Alberta follows small step to reopen economy in May with big leap on Friday | iNFOnews | Thompson-Okanagan's News Source

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Alberta follows small step to reopen economy in May with big leap on Friday

Alberta Premier Jason Kenney updates media on measures taken to help with COVID-19, in Edmonton on March 20, 2020. THE CANADIAN PRESS/Jason Franson
June 09, 2020 - 2:58 PM

EDMONTON - After taking a small step toward reopening its economy last month, Alberta is embarking on a giant leap forward.

Premier Jason Kenney says everything from gyms and arenas to spas, movie theatres, libraries, pools and sports activities are being given a green light as of Friday.

More people will be allowed to book campsites and sit in restaurants at the same time.

Fifty people will be allowed to gather indoors and up to 100 will be able to congregate outside.

Kenney said Alberta has continued to flatten the COVID-19 curve. There are 355 active cases, with 44 people in hospital and five of those in intensive care. There have been 149 deaths.

"We're effectively containing the virus as best as possible," Kenney said Tuesday.

"The total number of active cases and hospitalizations has continued to decline even as the reopening has expanded and testing has increased."

Most of the services allowed to restart were not scheduled to resume until June 19. Others, such as gyms and arenas, were not expected to open until an unspecified date after that.

Alberta began easing restrictions May 14, when hair salons, barber shops, retailers and restaurants were allowed to open their doors as long as they followed public health restrictions and maintained physical distancing.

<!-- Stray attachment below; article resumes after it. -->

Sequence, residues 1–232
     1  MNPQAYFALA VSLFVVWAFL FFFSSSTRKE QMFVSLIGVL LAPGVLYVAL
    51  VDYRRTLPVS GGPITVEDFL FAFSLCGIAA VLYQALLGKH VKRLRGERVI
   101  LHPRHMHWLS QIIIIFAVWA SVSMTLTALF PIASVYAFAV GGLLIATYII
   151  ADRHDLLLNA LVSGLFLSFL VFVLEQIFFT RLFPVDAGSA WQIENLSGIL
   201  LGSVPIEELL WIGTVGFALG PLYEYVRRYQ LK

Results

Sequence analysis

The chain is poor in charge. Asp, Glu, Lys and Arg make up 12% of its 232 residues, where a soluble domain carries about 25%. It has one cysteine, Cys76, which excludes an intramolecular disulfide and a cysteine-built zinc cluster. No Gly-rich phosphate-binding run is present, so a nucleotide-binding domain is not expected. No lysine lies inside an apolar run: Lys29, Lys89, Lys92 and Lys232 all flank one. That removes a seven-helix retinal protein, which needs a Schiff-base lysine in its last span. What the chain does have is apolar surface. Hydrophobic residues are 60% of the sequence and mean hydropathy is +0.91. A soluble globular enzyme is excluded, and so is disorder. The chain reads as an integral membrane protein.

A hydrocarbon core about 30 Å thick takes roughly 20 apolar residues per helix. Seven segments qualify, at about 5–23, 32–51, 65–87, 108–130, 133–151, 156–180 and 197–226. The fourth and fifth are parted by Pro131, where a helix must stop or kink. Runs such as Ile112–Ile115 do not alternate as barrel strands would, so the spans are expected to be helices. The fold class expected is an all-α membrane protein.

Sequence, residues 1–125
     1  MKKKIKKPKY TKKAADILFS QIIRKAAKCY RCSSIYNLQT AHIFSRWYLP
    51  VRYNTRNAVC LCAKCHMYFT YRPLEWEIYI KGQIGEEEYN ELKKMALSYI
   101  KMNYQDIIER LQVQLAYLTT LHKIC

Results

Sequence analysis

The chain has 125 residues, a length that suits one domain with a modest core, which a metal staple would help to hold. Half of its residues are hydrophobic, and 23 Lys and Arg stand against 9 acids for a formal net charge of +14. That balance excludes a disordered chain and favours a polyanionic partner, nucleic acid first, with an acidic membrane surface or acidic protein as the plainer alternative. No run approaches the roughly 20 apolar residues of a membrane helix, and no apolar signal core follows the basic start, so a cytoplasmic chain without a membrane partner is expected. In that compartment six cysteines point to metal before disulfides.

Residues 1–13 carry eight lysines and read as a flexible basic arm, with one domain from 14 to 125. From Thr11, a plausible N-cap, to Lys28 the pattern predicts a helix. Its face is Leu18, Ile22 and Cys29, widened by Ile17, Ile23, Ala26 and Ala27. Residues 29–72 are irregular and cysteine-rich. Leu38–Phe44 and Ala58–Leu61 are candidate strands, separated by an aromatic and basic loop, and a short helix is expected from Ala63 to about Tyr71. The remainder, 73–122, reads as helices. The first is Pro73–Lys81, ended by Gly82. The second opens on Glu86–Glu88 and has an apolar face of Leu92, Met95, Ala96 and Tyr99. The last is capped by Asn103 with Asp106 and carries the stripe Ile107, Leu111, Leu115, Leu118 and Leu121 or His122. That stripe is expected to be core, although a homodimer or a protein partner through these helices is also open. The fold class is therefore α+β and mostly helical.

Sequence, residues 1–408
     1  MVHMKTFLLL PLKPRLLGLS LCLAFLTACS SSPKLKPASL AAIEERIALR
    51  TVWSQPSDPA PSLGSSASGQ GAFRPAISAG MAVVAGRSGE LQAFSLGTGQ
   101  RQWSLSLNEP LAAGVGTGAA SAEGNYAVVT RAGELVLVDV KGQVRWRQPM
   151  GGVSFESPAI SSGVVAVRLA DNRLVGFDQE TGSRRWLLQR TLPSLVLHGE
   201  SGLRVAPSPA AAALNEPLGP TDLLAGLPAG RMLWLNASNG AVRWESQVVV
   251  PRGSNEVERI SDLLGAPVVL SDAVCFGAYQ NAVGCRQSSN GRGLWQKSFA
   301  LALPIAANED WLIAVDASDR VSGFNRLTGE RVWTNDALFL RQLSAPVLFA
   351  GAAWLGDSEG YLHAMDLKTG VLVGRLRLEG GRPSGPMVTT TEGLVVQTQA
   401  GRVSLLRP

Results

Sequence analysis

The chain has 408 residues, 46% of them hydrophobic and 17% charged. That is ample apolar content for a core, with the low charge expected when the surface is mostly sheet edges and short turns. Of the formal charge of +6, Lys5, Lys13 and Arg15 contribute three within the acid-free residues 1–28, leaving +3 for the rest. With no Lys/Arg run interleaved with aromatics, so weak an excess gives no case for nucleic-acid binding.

There was a one-week delay in Calgary and Brooks due to concerns about comparatively higher case numbers. The Phase 2 reopening Friday applies to all parts of the province.

Among the other activities allowed to go ahead are casinos and bingo halls, community halls, instrumental concerts, massage, acupuncture and reflexology, artificial tanning and summer schools.

The 50 per cent capacity for campgrounds is being lifted. All sites are to open for reservations by the end of the month.

There will be no cap on people attending worship services as long as they physically distance and practise proper hand-washing and other hygiene protocols.

Restaurants will be able to open at full capacity, but no more than six people will be allowed per table.

Kindergarten to Grade 12 classes have been cancelled for the remainder of the current year, but are to resume in September.

Major festivals and sporting events remain banned, as do nightclubs and amusement parks. Vocal concerts are not being allowed, given that singing carries a higher risk of COVID-19 transmission.

Dr. Deena Hinshaw, chief medical officer of health, cautioned that even though flat case numbers have allowed the province to push up more easing of restrictions, "we need to remain vigilant."

Kenney emphasized that all of the renewed activities will have to be accompanied by proper physical distancing and other public health protocols.

Alberta says it is among the world leaders in per-capita testing. To find and reduce future outbreaks, people can now be tested for COVID-19 even if they are asymptomatic.

"Even if you do not have symptoms, please get tested as part of this monitoring," said Hinshaw.

Alberta is conducting more than 5,000 tests a day, and the total number now exceeds 300,000 for a population of 4.4 million.

Opposition NDP Leader Rachel Notley said it's heartening to see the economy reopen, but Kenney must do more to keep workers safe and to help shuttered businesses remain solvent.

"We need to get people back to work and we need to be smart about it," said Notley. "Many families will be facing hardship for months and years to come."

Kenney estimates Alberta has put up $13 billion in direct aid, incentives and deferrals during the pandemic. This year's estimated budget deficit is expected to triple to $20 billion.

This report by The Canadian Press was first published June 9, 2020

News from © The Canadian Press, 2020
The Canadian Press

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